Advance Challenging Statistical Analysis for Massi.. (ANLSDA)
Advance Challenging Statistical Analysis for Massive High-Dimensional Nonlinear Spatial Time Series
Start date: May 1, 2014,
End date: Apr 30, 2018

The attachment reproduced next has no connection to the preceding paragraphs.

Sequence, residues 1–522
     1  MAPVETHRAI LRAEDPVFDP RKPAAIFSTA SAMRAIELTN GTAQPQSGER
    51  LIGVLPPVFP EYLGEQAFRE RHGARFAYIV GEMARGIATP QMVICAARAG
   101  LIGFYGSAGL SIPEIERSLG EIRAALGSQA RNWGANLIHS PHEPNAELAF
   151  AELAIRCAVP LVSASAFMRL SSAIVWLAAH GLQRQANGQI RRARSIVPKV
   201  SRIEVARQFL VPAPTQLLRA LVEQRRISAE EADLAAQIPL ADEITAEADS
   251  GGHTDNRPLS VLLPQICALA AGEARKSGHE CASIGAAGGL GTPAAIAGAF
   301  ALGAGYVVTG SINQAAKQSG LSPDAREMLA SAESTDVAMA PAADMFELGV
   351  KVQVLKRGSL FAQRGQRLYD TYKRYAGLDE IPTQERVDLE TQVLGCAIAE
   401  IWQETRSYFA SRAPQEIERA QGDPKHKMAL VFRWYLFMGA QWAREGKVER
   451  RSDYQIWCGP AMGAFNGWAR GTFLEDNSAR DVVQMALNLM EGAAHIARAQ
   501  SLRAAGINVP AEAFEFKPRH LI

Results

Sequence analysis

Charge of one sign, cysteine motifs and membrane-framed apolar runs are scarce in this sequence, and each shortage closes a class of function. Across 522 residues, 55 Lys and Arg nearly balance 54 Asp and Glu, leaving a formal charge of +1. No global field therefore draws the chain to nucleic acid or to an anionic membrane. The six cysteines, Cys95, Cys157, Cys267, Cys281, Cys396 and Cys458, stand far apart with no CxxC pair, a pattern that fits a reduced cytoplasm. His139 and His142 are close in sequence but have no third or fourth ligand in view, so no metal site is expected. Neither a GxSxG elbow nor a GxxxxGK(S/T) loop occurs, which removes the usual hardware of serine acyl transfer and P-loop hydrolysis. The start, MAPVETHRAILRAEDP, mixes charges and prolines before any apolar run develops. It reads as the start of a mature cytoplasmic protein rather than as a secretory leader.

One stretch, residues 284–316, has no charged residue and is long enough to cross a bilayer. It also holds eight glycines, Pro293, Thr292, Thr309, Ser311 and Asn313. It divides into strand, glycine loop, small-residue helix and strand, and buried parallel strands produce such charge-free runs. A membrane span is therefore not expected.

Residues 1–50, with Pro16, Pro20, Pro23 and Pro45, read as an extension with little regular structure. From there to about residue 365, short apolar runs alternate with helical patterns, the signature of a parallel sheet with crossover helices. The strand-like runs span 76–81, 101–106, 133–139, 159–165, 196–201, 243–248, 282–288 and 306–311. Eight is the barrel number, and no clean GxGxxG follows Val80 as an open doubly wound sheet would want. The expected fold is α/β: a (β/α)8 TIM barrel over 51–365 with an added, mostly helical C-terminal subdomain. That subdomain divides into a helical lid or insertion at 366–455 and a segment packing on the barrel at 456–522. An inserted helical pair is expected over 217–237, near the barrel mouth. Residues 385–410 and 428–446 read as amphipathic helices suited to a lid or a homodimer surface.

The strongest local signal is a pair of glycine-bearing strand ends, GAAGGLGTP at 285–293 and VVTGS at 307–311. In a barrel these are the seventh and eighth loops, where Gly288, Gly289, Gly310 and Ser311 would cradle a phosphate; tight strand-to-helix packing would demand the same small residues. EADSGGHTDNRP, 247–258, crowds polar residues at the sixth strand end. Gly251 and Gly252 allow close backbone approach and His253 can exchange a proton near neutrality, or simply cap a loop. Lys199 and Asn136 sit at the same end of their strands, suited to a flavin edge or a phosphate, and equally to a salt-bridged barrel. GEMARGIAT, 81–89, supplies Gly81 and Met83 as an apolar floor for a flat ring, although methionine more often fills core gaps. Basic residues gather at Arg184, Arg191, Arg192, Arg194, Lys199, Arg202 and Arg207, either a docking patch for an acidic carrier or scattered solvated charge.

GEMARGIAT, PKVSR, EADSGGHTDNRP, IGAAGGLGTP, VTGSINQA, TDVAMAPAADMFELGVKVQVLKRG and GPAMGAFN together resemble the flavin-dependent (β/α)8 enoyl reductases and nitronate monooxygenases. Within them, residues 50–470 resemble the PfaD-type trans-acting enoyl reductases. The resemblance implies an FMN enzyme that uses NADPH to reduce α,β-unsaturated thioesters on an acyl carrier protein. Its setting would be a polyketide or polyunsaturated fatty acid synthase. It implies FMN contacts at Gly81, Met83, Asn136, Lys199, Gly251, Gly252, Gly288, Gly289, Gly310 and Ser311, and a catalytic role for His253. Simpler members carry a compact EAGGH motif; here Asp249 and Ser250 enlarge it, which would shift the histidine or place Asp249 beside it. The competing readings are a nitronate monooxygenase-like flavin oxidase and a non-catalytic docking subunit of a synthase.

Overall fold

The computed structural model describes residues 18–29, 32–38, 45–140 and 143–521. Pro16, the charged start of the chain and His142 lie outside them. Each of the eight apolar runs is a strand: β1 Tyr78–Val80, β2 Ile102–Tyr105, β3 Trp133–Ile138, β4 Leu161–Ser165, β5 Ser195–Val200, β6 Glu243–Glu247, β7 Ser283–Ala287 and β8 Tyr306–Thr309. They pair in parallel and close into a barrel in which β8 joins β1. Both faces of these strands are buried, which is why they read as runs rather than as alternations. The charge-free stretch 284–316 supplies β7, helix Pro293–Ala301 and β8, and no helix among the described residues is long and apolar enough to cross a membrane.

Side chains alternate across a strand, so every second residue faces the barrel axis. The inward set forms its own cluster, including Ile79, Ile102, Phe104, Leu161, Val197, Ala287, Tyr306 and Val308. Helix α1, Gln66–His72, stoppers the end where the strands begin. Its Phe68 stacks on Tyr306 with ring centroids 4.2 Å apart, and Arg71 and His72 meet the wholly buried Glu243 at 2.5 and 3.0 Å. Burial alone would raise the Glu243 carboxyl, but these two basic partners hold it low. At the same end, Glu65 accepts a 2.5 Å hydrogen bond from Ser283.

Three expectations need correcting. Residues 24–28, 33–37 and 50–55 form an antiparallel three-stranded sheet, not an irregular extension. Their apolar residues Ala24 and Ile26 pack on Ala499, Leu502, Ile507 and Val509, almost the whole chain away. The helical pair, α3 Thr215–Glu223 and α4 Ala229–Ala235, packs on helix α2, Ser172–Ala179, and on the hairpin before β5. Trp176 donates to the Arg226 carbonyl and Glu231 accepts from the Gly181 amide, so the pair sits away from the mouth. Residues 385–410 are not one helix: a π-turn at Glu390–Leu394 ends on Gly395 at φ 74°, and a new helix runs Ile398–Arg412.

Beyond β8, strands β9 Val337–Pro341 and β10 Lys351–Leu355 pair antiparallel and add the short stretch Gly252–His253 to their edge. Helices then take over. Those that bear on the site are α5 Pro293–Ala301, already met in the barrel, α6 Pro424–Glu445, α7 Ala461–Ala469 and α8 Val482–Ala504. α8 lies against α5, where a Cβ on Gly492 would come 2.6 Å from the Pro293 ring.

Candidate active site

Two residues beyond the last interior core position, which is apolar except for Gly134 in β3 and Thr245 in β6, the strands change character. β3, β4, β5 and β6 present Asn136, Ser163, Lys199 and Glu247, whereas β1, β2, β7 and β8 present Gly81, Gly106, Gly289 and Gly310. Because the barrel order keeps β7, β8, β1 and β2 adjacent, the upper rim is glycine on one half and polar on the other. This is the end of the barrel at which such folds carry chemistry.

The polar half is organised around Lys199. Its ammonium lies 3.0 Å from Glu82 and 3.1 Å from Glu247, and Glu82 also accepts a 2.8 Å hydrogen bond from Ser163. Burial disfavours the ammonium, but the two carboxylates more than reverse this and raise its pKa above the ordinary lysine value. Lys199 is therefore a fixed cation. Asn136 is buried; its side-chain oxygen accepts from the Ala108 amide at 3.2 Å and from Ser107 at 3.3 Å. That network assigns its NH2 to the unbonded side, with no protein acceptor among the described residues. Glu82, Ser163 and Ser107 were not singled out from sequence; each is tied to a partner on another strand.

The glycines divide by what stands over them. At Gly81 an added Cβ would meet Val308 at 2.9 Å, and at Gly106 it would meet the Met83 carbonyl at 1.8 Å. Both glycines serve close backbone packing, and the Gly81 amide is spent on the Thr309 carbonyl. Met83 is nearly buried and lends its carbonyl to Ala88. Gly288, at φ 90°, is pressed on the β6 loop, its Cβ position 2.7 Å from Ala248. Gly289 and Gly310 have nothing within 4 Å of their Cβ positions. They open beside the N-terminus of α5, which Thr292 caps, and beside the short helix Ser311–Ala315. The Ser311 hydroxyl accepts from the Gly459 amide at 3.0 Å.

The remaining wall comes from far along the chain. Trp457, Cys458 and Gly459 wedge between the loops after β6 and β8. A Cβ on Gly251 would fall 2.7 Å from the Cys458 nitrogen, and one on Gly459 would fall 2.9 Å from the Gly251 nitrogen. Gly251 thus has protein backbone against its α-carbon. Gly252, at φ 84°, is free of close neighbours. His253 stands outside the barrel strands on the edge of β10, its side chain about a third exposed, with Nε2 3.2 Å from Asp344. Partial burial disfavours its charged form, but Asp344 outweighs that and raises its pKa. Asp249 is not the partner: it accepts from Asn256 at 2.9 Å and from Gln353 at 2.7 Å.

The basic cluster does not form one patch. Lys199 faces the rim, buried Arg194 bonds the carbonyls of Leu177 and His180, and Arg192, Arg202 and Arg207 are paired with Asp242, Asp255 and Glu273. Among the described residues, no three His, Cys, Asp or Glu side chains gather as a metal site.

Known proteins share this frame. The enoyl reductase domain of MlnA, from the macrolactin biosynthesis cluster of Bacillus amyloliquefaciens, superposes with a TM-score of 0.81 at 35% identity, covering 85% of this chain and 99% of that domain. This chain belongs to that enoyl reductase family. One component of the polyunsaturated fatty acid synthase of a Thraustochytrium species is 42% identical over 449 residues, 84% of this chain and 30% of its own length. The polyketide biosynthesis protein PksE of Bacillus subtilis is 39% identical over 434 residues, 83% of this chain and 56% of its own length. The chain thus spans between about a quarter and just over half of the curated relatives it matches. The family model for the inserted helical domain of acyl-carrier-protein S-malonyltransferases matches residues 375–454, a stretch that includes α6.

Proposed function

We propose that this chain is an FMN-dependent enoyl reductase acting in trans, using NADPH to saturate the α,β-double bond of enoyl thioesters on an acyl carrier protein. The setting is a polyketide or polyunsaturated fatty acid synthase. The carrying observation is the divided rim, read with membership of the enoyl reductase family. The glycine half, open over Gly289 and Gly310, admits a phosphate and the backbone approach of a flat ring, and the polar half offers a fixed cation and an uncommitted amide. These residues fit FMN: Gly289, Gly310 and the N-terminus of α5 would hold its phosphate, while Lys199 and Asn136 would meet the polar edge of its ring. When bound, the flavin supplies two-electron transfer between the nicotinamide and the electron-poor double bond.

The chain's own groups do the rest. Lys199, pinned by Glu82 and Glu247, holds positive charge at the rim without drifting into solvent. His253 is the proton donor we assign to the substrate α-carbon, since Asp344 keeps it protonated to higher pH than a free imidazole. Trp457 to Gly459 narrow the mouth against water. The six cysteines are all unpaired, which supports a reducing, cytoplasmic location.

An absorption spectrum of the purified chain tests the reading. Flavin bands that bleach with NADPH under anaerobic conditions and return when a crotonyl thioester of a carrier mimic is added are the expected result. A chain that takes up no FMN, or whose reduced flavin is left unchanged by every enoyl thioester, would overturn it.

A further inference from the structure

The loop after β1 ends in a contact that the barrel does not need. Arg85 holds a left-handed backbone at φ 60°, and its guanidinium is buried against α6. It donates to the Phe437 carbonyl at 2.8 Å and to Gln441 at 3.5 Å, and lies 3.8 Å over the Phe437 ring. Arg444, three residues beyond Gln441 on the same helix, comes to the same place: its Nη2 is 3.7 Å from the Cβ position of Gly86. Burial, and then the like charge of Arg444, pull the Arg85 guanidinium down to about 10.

"Modern society, including Europe, faces a variety of global issues, such as global environmental (including climate) changes, global economic and financial crises as well as global energy and sustainable development. Many of these global challenges facing humanity are geo-spatial in nature, with big spatio-temporal data from location-based events or services that are complexly connected and interdependent, requiring advanced, more accurate and effective statistical and econometric techniques in modeling and forecasting of various risks associated with these global challenges.This project aims to develop the cutting-edge methodologies to advance the challenging theoretical and practical issues in statistical inference and econometric analysis of massive high-dimensional nonlinear spatial time series. It will explore some fundamental and difficult issues and establish a unifying novel theory for a framework of non-parametric and semi-parametric approaches to modeling and forecasting of massive nonlinear spatial time series data that involve complex structures and information both from temporal and spatial dimensions arising in such important applications as predicting environmental and climate as well as socioeconomic risks. The developed new generation of statistical and econometric technologies will empower the practitioners and policy-makers to produce more accurate quantitative forecasts that help to generate more informed countermeasures with regard to various risks that our modern society faces.As one of the international pioneering researchers in nonlinear spatial and spatio-temporal data analysis, a new subject in the discipline of Statistics, this project, if supported, will greatly enhance and integrate the principal investigator (PI)’s research and career into the UK and Europe from Australia where the PI received strong financial supports in research from the Australian Research Council."
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